IMHO, A meaningful but lousy image is a million times better than a technically excellent but irrelevant picture........

14. This must have been the most confusing topic around.

To re-iterate

1. There is NO SUCH THING as 1800 x 1200 @ 72ppi, 300ppi, 2880ppi, 1000000ppi or whatever. It just doesn't make sense. Note I used PPI. PPI and DPI is different. DPI only comes into the picture when you output the thing onto print, where the image is then made up of DOTs. IMAGE resolution and PRINT resolution is different.

2. Like mpenza illustrated, on-screen, as long as image dimensions are the same, a 1ppi image and a 300ppi will be exactly the same. There's exactly the same number of pixels in the file. But if you print the image at 300ppi, and print the same image at 150ppi and yet another at 72ppi, you will get:
a. 1 huge print, not so good quality (72ppi)
b. 1 print half the size of (a) at reasonable quality (150ppi)
c. 1 print half the size of (b) at good quality (300ppi)

3. "72 dpi for screen, 300 dpi for print" is a myth.

Regards
CK

15. I think Ian's post sums it up in the name of the topic title. I learned a new thing today.

I however, still differ about 72dpi vs 300dpi for print and web. I don't neccsarily think it's a myth. 72dpi just became like a unwritten 'standard' so as to standardise images on the net. That's wat I have been talking about all along. Even at one point I think denizenx agreed on wat I mentioned about downloading a low res pic from the net and expecting it to get printed high res.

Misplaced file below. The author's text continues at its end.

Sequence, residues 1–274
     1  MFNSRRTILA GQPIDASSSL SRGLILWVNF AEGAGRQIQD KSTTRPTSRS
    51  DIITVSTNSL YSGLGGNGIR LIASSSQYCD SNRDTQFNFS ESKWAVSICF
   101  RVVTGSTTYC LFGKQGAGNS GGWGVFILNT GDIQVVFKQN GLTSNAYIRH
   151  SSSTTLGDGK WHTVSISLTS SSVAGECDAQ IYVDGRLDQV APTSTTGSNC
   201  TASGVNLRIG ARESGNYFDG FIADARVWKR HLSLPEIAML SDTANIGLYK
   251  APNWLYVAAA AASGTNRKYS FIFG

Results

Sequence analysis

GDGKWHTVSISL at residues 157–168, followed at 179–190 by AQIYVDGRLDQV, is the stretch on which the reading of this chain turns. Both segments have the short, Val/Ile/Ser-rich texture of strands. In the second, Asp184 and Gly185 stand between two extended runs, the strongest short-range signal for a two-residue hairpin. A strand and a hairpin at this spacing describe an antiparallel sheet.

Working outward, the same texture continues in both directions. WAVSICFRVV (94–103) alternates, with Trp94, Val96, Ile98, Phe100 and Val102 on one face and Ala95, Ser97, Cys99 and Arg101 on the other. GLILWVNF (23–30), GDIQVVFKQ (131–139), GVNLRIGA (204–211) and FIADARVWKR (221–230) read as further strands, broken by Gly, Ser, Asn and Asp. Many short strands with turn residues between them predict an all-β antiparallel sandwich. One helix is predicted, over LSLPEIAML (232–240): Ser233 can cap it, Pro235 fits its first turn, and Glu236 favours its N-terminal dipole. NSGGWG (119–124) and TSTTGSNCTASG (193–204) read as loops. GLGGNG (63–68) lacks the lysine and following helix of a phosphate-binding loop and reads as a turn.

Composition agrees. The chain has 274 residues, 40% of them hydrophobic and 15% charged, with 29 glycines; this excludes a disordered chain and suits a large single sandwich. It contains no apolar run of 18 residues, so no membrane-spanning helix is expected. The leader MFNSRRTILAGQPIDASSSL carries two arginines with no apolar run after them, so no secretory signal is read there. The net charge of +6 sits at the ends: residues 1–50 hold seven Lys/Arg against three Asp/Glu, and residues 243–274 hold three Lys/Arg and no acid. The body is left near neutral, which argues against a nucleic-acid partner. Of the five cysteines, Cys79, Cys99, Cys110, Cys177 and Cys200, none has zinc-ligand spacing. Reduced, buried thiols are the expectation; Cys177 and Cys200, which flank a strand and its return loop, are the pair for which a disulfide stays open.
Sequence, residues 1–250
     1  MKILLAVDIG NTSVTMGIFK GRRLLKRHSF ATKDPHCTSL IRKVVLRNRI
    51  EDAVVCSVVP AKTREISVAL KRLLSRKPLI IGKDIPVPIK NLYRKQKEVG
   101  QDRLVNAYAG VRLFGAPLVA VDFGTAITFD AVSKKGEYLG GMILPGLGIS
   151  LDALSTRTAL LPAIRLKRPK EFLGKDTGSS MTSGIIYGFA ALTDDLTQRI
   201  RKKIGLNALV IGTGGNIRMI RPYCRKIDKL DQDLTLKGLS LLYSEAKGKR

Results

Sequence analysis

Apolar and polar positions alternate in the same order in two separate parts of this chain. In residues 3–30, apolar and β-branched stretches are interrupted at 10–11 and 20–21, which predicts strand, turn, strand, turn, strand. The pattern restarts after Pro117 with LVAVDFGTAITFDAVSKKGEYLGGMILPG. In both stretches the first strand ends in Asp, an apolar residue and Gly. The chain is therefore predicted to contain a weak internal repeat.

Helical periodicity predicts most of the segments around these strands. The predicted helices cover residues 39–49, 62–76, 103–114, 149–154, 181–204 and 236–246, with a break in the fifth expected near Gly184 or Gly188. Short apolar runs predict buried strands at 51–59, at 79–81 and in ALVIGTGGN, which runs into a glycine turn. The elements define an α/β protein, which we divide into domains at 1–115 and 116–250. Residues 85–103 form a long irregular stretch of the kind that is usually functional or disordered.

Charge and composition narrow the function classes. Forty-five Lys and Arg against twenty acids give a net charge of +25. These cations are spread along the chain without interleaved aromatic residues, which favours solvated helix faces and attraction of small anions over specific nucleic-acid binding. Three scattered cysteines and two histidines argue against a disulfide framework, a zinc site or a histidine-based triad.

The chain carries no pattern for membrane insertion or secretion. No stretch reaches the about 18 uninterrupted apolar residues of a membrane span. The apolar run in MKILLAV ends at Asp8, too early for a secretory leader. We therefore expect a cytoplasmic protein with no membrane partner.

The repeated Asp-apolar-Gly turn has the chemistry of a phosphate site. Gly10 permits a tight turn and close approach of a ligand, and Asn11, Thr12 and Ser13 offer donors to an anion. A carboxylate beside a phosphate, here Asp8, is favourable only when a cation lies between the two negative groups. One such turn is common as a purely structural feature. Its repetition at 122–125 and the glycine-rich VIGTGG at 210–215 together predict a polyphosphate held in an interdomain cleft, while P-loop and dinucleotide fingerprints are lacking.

mpenza even pointed out "Many people are still confused by image resolution vs print resolution". I had the impression u already understood what I was driving at: exactly wat u said in the 1st. Image (pixel reso) vs Print Reso is different.

In anycase, I think most of us OT to some extent. Well, u can execute us now.

I think Ian's post sums it up in the name of the topic title. I learned a new thing today.

I however, still differ about 72dpi vs 300dpi for print and web. I don't neccsarily think it's a myth. 72dpi just became like a unwritten 'standard' so as to standardise images on the net. That's wat I have been talking about all along. Even at one point I think denizenx agreed on wat I mentioned about downloading a low res pic from the net and expecting it to get printed high res.

mpenza even pointed out "Many people are still confused by image resolution vs print resolution". I had the impression u already understood what I was driving at: exactly wat u said in the 1st. Image (pixel reso) vs Print Reso is different.

In anycase, I think most of us OT to some extent. Well, u can execute us now.
You still don't get it, do you?

"72 dpi" was derived back in the early days of the Mac, and their smallish monitors. And 1 inch of the monitor has 72 pixels. We have since come a long way, and the 72dpi thing is no longer accurate.

There is NO NEED for you to set an image to "72dpi" before you have it on the web, coz like I said, it means nothing. The image has its real image dimensions/resolution as x pixels by y pixels. REGARDLESS of the PPI setting.

Try this experiment.
1. Open any image in PhotoShop.
2. Go to Image -> Size
3. Disable "Resample"
4. Change the "ppi" to any number.
You will find that the image dimensions remain the same. But print size changes.

Web images are not 72dpi or 96dpi or whatever. Your monitor is the one that has this "dpi" (or to be more correct ppi) thing. 6" across your monitor and 6" across another monitor has different number of pixels. But the image remains the same.